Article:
I don’t want to be misunderstood that I believe that the yankee dynasty is more impressive. I may disagree personally on that point, but your argument is sound and worthy of discussion. My point is simply that the QB is much more important than a position player in any sport. Although like I stated before a guard can really make a difference in basketball. I do not believe that the pats win any title without brady. Your point, if I understand it, is that any decent QB (I know you don’t just mean any old guy, but a decent pro) could have been just as successful as Brady. I believe that Brady (and Jeter to this point) has something really special. Look at the drive against oakland in the snow game (2001), look at the last drive against the rams, I could go on forever. My point, without insulting the other players on the pats squad, is the position is so important. For instance, the did you realize that 5 out of the last 6 heismans have gone to QBs. 12 of the last 20 to QB. I don’t believe it is accurate to go back farther than 20 years because with the prevelance of the west coast offense and death of the wish bone, it is not as comparable. The QB is much more of leader to his team than a position player. I’m not “retarded” (I hope you use the accent when you posted it!) and can recognize Jeter’s value to the team. I may not like it but that’s a different story! Jeter may be one of the top 5 players of the last 10 years even with the steroid skewing (sp, its late) everything. I also will give you this point, those yankee teams did play very much as a “team” and every player had its role, ie. rivera setting up for John W. ect.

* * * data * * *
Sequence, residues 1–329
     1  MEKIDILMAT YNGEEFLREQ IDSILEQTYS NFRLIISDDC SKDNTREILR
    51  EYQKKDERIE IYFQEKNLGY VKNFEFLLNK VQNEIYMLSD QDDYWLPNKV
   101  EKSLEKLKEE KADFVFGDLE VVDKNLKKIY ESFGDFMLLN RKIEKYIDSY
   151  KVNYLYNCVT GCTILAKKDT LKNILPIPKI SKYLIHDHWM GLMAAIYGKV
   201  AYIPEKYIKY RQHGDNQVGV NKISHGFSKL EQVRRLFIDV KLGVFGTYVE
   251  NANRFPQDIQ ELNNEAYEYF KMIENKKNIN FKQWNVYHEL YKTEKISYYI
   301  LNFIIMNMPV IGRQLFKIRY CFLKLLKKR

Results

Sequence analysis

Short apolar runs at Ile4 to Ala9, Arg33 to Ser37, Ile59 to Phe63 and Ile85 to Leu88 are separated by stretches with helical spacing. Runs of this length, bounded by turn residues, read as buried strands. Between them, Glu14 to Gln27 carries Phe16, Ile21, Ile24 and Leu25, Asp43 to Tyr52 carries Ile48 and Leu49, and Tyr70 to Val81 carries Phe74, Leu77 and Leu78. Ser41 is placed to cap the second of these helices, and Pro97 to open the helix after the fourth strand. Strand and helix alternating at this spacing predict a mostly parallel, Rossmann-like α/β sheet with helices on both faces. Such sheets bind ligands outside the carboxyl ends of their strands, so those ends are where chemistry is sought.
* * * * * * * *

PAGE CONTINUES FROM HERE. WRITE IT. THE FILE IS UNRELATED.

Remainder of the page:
Sorry, I hit post instead of preview… So anyways, you gotta at least give me the point that a QB is more important than a shortstop. I may not be able to respond in a while as I’ve got a huge trial starting on Monday, but I’ll read your response with interests as long as you keep it respectful. Which by the way you usually do.